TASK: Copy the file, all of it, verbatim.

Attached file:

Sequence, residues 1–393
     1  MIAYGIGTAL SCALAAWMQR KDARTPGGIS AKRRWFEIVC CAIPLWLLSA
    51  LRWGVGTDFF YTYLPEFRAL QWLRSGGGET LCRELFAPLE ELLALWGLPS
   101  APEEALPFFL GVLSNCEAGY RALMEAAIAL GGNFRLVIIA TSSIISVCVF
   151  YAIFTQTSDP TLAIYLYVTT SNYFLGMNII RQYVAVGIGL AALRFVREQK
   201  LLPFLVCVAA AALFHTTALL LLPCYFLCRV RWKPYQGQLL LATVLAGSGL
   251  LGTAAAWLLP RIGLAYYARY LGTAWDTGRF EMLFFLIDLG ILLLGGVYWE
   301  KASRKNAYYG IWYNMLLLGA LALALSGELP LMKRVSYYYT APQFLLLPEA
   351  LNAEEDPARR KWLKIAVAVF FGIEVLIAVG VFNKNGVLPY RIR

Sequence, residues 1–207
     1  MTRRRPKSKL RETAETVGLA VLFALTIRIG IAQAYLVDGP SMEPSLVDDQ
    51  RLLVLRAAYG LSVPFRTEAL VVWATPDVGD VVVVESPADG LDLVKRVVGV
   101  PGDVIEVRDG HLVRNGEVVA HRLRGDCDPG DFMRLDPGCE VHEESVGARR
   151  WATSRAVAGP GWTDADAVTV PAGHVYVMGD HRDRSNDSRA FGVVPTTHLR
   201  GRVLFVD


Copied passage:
Sequence, residues 1–393
     1  MIAYGIGTAL SCALAAWMQR KDARTPGGIS AKRRWFEIVC CAIPLWLLSA
    51  LRWGVGTDFF YTYLPEFRAL QWLRSGGGET LCRELFAPLE ELLALWGLPS
   101  APEEALPFFL GVLSNCEAGY RALMEAAIAL GGNFRLVIIA TSSIISVCVF
   151  YAIFTQTSDP TLAIYLYVTT SNYFLGMNII RQYVAVGIGL AALRFVREQK
   201  LLPFLVCVAA AALFHTTALL LLPCYFLCRV RWKPYQGQLL LATVLAGSGL
   251  LGTAAAWLLP RIGLAYYARY LGTAWDTGRF EMLFFLIDLG ILLLGGVYWE
   301  KASRKNAYYG IWYNMLLLGA LALALSGELP LMKRVSYYYT APQFLLLPEA
   351  LNAEEDPARR KWLKIAVAVF FGIEVLIAVG VFNKNGVLPY RIR

Sequence, residues 1–207
     1  MTRRRPKSKL RETAETVGLA VLFALTIRIG IAQAYLVDGP SMEPSLVDDQ
    51  RLLVLRAAYG LSVPFRTEAL VVWATPDVGD VVVVESPADG LDLVKRVVGV
   101  PGDVIEVRDG HLVRNGEVVA HRLRGDCDPG DFMRLDPGCE VHEESVGARR
   151  WATSRAVAGP GWTDADAVTV PAGHVYVMGD HRDRSNDSRA FGVVPTTHLR
   201  GRVLFVD